Praziquantel is a pyrazino-isoquinoline.
Praziquantel shows broad spectrum activity against most trematodes, the exception being Fasciola species against which the drug is ineffective.
A preformed antiparasitic antibody response is required for optimal activity. Following drug exposure, damage to the tegument of schistosomes has been observed, with exposure of parasite antigens on the surface. A profound effect on calcium-dependent muscle contraction has also been observed, with the rapid influx of Ca2+ ions. Following tetanic paralysis, adult schistosomes are swept down the portal vessels to the liver, while luminal tapeworms are swept away in the faecal stream.
The mechanisms of resistance remain unknown but isolates collected from humans with resistant infections were less susceptible to praziquantel-induced tegumental damage in vitro
Praziquantel absorption appears rapid after oral dosing. However, because there is extensive hepatic first-pass metabolism to inactive metabolites, most of the active drug does not reach the systemic circulation. Administration of praziquantel with food increases its bioavailability. The terminal elimination half life of praziquantel is approximately 2 hours. The volume of distribution is around 8000 L and the clearance (CL/f) is 7.0 L/kg/hr. Praziquantel is between 80 and 85% bound to plasma proteins.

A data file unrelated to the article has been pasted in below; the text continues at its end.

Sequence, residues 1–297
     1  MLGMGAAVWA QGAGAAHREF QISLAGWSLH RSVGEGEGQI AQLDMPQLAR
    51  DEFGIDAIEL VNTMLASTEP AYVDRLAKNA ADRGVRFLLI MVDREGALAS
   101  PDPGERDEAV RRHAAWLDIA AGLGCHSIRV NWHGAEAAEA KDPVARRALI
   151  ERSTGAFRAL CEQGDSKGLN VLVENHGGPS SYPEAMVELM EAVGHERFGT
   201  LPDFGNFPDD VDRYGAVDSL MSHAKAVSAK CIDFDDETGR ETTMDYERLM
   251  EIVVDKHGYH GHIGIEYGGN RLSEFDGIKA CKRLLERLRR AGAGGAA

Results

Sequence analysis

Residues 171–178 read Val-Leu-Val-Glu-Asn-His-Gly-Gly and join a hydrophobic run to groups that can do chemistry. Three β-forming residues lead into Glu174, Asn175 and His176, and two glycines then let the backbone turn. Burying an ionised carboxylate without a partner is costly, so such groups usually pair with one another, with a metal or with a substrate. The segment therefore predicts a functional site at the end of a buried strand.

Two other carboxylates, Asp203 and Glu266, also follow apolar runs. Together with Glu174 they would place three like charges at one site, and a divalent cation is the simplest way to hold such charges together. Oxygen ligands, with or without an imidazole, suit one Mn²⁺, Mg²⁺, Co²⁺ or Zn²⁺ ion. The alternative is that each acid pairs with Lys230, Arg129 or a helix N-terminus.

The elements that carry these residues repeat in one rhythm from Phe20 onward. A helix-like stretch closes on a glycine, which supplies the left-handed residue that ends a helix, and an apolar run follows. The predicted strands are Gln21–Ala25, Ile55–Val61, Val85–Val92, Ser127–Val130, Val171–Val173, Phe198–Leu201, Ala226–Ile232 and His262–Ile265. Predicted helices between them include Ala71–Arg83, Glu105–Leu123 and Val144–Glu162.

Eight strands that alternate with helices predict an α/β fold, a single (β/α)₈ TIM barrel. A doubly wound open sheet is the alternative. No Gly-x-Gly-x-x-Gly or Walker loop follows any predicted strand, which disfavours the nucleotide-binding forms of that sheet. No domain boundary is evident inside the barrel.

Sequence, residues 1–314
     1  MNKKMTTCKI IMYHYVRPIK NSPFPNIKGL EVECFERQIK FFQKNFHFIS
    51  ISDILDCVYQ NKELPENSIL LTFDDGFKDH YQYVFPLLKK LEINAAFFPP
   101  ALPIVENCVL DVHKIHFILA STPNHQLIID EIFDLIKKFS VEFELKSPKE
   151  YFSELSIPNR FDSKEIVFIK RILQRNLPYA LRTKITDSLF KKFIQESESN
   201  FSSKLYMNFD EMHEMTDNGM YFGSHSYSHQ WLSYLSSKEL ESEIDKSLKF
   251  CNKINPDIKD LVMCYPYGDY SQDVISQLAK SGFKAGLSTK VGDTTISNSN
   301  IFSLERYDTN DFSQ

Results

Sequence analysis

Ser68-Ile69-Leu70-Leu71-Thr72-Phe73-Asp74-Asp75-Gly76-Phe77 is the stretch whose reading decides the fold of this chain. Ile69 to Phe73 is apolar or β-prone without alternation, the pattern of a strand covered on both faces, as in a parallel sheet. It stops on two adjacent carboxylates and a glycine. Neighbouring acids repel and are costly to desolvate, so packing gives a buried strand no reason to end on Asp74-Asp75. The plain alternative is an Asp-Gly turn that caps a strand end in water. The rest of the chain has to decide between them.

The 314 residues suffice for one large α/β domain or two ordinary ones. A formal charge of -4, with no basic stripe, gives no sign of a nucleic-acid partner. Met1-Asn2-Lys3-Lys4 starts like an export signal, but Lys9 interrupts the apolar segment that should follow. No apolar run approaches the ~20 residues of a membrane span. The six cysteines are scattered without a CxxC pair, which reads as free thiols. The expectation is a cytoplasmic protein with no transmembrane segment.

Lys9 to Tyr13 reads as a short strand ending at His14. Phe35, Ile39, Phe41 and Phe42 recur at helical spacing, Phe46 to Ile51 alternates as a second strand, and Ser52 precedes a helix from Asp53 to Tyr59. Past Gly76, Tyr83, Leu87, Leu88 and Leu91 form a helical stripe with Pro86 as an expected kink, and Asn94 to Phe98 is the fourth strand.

These are summarised on a mg/kg body weight basis by indication in Table 1. Praziquantel is considered safe in children over the age of 2 years.
Praziquantel is well tolerated. Relatively few adverse effects have been reported. The majority of side-effects develop due to the killing of parasites, release of contents of parasites and consequent host immune reactions. The heavier the parasite burden, the heavier and more frequent the side effects normally are.
Although there have been no reports of adverse maternal and foetal outcome in large scale treatment programs in which inadvertent administration to women in early pregnancy was likely, it is recommended that praziquantel be withheld during the first trimester. It is also recommended that mothers should not breast feed for three days following drug ingestion.
The antiepileptic drugs phenytoin and carbamazepine both substantially reduce the praziquantel AUC. Dexamethasone administered 24 hours before praziquantel reduces bioavailability by approximately 50%
Bilitricide® (Bayer) 600mg Tablets.